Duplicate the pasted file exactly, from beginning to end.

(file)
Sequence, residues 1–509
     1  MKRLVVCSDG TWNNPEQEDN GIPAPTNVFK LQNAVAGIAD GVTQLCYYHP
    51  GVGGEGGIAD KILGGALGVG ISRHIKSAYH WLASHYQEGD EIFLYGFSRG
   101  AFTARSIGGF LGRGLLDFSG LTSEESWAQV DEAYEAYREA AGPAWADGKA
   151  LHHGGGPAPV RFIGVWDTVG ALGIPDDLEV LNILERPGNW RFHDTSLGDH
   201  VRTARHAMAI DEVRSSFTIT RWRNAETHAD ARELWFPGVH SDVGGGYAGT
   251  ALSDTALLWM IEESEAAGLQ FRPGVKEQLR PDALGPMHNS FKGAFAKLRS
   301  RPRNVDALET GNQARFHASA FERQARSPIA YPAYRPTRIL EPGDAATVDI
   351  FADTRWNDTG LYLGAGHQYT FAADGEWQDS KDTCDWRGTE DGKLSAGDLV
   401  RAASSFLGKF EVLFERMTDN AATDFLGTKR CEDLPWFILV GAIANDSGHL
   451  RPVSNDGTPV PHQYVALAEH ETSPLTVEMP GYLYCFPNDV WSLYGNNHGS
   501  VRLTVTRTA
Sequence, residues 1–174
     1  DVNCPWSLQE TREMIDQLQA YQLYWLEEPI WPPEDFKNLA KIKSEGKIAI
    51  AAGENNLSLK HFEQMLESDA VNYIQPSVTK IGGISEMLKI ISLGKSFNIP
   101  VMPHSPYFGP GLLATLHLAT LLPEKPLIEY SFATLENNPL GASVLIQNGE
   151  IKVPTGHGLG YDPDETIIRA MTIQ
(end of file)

Sequence, residues 1–509
     1  MKRLVVCSDG TWNNPEQEDN GIPAPTNVFK LQNAVAGIAD GVTQLCYYHP
    51  GVGGEGGIAD KILGGALGVG ISRHIKSAYH WLASHYQEGD EIFLYGFSRG
   101  AFTARSIGGF LGRGLLDFSG LTSEESWAQV DEAYEAYREA AGPAWADGKA
   151  LHHGGGPAPV RFIGVWDTVG ALGIPDDLEV LNILERPGNW RFHDTSLGDH
   201  VRTARHAMAI DEVRSSFTIT RWRNAETHAD ARELWFPGVH SDVGGGYAGT
   251  ALSDTALLWM IEESEAAGLQ FRPGVKEQLR PDALGPMHNS FKGAFAKLRS
   301  RPRNVDALET GNQARFHASA FERQARSPIA YPAYRPTRIL EPGDAATVDI
   351  FADTRWNDTG LYLGAGHQYT FAADGEWQDS KDTCDWRGTE DGKLSAGDLV
   401  RAASSFLGKF EVLFERMTDN AATDFLGTKR CEDLPWFILV GAIANDSGHL
   451  RPVSNDGTPV PHQYVALAEH ETSPLTVEMP GYLYCFPNDV WSLYGNNHGS
   501  VRLTVTRTA
Sequence, residues 1–174
     1  DVNCPWSLQE TREMIDQLQA YQLYWLEEPI WPPEDFKNLA KIKSEGKIAI
    51  AAGENNLSLK HFEQMLESDA VNYIQPSVTK IGGISEMLKI ISLGKSFNIP
   101  VMPHSPYFGP GLLATLHLAT LLPEKPLIEY SFATLENNPL GASVLIQNGE
   151  IKVPTGHGLG YDPDETIIRA MTIQ